State Treasurer Denise Nappier started walking back statements she made yesterday about a bill signed by Gov. Dannel P. Malloy which gives new bonding authority to the Connecticut Health and Educational Facilities Authority.

In an editorial published by the Journal Inquirer, Nappier, said giving CHEFA new authority to issue bonds for UConn is “unnecessary, costly, and may confuse investors and undermine their confidence in existing UConn 2000 bonds.”

Nappier warned Malloy in a June 7 letter that the expanded authority “cannot be justified based on cost or need.” The Democrat in charge of the state’s borrowing and cash pool went on to say that now is not the time to “increase the cost of borrowing paid by taxpayers.”

Before the legislation was passed, CHEFA issued bonds only for the Connecticut State University System and nonprofit private colleges in the state. Nappier’s office sold bonds backed by UConn. Nappier’s opposition centers around CHEFA’s new ability to issue UConn-backed bonds.

“That the governor chose to ignore my advice will be at his doorstep,” she concluded in the editorial.

However, in a statement Nappier sent out Wednesday said the spirited exchange on the issue “is evidence that reasonable minds can and often disagree.”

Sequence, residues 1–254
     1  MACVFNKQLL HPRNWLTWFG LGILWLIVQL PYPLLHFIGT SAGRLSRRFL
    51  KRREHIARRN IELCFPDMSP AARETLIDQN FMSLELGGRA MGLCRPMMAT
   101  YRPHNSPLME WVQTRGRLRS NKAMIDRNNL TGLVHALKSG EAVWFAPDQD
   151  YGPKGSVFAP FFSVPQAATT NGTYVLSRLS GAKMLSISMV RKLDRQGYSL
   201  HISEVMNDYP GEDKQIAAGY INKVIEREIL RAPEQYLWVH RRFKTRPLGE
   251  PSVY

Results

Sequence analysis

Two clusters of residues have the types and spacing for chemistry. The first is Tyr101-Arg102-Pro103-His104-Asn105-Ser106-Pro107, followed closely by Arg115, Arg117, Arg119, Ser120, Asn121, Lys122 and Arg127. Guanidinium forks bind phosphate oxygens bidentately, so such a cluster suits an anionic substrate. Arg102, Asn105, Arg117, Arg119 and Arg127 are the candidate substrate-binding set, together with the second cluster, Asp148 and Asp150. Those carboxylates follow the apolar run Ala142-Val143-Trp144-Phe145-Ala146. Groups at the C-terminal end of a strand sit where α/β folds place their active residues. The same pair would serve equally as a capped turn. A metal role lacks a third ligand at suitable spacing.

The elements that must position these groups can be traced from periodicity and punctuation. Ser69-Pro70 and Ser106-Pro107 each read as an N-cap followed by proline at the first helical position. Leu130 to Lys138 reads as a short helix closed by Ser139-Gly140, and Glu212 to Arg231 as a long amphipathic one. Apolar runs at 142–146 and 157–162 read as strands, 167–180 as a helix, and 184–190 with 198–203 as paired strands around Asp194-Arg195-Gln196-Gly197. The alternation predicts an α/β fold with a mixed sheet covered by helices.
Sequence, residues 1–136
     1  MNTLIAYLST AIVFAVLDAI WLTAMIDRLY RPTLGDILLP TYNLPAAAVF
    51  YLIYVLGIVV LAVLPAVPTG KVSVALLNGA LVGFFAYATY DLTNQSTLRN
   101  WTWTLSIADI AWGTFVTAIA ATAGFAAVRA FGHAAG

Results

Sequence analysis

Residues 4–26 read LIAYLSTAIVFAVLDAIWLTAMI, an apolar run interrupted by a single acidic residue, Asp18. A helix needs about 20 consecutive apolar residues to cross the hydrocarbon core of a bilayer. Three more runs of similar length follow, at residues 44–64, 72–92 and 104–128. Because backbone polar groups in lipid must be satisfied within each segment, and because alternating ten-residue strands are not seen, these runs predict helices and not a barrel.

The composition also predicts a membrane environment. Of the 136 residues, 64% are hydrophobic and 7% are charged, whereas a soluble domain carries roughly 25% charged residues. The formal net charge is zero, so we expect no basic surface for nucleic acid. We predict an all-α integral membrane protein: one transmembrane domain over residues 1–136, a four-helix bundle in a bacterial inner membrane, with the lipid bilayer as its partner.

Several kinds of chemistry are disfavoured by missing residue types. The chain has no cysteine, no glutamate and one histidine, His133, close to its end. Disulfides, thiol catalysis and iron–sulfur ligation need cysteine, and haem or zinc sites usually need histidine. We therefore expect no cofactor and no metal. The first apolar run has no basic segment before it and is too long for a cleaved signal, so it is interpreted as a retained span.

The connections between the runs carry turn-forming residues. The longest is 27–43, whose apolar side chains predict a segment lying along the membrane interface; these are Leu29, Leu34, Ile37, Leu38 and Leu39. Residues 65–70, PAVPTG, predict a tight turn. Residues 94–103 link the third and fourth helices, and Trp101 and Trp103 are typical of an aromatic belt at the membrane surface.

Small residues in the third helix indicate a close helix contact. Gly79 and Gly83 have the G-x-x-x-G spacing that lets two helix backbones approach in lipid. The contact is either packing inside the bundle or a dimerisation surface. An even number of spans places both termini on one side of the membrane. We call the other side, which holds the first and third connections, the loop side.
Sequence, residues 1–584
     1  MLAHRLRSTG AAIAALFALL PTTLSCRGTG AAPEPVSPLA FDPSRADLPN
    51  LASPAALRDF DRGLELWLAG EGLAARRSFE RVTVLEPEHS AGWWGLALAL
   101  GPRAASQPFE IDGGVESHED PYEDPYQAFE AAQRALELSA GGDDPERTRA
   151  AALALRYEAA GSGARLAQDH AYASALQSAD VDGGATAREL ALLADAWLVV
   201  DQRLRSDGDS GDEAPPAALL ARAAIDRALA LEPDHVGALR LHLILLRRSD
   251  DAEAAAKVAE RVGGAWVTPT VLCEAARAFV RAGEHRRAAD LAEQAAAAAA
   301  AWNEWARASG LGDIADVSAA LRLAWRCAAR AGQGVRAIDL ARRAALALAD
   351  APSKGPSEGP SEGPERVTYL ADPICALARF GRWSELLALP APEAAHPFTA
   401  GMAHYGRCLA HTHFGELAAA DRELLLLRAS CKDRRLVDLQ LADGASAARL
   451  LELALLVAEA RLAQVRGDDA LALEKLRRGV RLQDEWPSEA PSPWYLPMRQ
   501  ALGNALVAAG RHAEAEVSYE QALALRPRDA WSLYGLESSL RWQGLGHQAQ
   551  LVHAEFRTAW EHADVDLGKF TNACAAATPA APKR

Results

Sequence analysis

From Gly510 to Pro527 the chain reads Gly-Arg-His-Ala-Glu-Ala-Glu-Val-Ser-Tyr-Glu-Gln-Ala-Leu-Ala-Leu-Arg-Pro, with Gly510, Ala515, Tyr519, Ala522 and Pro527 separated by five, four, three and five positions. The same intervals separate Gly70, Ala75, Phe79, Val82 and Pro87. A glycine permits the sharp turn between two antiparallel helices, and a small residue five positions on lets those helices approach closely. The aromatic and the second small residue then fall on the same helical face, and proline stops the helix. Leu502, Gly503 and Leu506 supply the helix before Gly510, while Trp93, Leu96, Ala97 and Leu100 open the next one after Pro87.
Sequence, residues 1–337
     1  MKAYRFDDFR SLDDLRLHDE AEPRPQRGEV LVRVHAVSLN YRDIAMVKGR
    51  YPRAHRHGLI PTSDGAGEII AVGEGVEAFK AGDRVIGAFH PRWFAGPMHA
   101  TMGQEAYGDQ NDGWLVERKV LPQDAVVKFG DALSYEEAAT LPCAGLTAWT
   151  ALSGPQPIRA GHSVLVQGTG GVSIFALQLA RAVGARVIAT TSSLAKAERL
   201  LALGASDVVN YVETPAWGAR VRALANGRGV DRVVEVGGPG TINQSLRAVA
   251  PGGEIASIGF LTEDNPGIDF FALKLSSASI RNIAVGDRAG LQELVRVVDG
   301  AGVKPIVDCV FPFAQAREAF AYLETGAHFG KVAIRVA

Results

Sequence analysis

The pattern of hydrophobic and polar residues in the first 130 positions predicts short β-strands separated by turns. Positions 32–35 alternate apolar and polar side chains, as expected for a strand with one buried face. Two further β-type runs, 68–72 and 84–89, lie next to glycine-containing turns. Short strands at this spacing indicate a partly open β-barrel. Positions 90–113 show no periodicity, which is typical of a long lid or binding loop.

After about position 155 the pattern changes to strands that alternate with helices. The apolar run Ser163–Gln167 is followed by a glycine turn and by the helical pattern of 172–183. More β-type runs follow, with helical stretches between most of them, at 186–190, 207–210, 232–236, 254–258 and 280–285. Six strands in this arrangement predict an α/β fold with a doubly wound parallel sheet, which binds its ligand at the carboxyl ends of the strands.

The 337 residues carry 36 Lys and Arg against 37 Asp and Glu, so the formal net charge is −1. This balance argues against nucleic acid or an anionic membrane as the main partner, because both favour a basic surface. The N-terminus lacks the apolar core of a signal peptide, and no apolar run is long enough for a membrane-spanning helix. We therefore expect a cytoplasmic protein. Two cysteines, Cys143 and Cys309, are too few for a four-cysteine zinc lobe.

“While I stand by the concerns I have raised, our different positions on this issue ought not to take away from the consistent support I have shown for the many significant steps taken by Governor Malloy that have improved our State’s overall fiscal health,” Nappier said.

Roy Occhiogrosso, Malloy’s senior communications adviser, said the administration has a disagreement with the treasurer’s office on this issue.

“The treasurer thinks somehow this will undermine her authority when it comes to issuing bonds,” Occhiogrosso said. “We don’t think so.”

“We just believe it provides another option, which may or may not be feasible,” he added.

He said some of the rhetoric coming from the treasurer office may just be related to the fact that “change is hard.”

Ben Barnes, secretary of the Office of Policy and Management, said the idea behind the legislation was to give the University of Connecticut the ability it needs to grow. 

“The governor is anxious to see UConn grow and to have no obstacles in the way as they try to meet the needs of their students,” Barnes said.

It gives Uconn another financing mechanism to meet their needs for dormitory space, he added.

While Nappier and Malloy’s administration may still disagree. Nappier did give the governor credit Wednesday for balancing the state’s budget during one of the most severe downturns in the state’s history.